The lead author on the study, Sammy Lee, was a postdoctoral researcher working in Reese's lab and supported by a C.J. Martin National Health & Medical Research Council fellowship from Australia during the course of the study. Lee labeled individual cone bipolar cells with a fluorescent dye through a new microinjection procedure developed by Patrick Keeley, a graduate student in the Reese lab.
"What Dr. Lee has shown is that cone bipolar cells modulate the size of their dendritic fields (branched extensions of the neuron) in association with the local density of like-type neurons," said Reese. "One line of mice has conspicuously fewer cone bipolar cells, each now with a larger dendritic territory, while the other line shows heightened densities and correspondingly smaller dendritic fields."
Other studies have suggested such homotypic (like-type) modulation of dendritic field size, but the current study directly shows this modulation following genetic manipulation of neuronal density, according to Reese.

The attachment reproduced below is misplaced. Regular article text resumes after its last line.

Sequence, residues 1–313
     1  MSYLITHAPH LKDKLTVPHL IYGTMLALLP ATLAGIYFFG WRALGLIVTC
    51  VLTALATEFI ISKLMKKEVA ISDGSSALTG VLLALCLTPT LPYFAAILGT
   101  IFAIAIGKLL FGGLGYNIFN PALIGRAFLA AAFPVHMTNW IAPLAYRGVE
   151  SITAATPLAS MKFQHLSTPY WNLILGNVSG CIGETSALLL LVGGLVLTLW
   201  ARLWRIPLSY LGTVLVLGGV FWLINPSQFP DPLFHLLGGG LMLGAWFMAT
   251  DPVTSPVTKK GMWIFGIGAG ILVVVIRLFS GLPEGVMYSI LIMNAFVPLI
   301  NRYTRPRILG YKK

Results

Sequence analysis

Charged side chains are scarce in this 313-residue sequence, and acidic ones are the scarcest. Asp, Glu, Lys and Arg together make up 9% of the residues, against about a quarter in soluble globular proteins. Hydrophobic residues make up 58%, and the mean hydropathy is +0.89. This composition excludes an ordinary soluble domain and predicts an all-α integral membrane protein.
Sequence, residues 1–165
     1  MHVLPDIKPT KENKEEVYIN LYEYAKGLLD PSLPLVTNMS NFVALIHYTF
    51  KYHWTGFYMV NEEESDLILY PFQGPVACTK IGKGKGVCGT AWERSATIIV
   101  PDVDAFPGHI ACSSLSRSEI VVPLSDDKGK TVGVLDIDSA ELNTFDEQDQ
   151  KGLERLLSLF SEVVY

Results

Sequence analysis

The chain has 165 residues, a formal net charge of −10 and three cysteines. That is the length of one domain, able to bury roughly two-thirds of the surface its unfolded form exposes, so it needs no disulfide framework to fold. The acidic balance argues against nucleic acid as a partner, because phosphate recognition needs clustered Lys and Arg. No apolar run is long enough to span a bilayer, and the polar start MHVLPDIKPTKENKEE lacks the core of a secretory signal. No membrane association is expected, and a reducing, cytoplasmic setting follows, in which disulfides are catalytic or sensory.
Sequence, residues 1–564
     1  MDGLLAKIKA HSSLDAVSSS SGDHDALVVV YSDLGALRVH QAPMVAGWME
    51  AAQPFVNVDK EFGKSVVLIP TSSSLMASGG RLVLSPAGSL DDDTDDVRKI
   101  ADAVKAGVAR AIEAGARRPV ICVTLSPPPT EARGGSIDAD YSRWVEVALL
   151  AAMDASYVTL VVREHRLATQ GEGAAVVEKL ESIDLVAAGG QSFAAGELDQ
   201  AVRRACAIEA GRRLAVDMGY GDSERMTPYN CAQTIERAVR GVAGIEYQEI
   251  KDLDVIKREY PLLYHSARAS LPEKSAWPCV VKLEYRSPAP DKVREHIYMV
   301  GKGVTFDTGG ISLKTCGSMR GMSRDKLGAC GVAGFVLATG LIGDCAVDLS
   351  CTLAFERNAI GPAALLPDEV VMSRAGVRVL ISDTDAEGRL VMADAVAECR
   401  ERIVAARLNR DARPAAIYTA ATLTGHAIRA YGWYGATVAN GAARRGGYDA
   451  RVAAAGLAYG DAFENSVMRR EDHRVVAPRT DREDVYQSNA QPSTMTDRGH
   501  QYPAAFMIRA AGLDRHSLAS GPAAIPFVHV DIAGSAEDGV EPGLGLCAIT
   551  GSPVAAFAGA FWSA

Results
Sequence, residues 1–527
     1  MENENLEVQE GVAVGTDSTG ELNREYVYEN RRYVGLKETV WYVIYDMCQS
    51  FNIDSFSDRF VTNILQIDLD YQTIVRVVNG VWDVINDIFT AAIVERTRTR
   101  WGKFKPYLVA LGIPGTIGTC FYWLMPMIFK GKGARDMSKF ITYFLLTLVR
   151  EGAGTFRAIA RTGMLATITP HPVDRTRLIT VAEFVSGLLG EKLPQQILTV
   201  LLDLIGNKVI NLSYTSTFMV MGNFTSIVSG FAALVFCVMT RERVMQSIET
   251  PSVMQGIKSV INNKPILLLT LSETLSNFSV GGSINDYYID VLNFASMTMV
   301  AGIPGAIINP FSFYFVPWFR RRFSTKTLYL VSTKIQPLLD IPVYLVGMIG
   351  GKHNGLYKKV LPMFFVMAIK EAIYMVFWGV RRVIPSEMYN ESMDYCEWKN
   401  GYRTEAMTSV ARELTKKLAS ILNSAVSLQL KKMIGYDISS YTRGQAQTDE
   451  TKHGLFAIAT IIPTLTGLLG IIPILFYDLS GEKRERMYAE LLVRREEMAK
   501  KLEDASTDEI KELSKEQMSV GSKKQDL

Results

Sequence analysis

Additionally, the researchers found that connectivity with the afferent population of cone photoreceptors is impacted directly, with the larger dendritic fields being innervated by more cones, and the smaller dendritic fields connecting with fewer cones. At any individual cone, the number of dendritic endings associating with that cone was not observed to change, so that the total number of connections made by a cone bipolar cell was remarkably plastic, defined solely by the number of cone contacts formed.
"This developmental plasticity in dendritic growth and synapse number may be well-suited to ensure uniform coverage and connectivity between two populations of neurons afferents and their targets when the number of cells in each population is specified independen
|Contact: Gail Gallessich|
University of California - Santa Barbara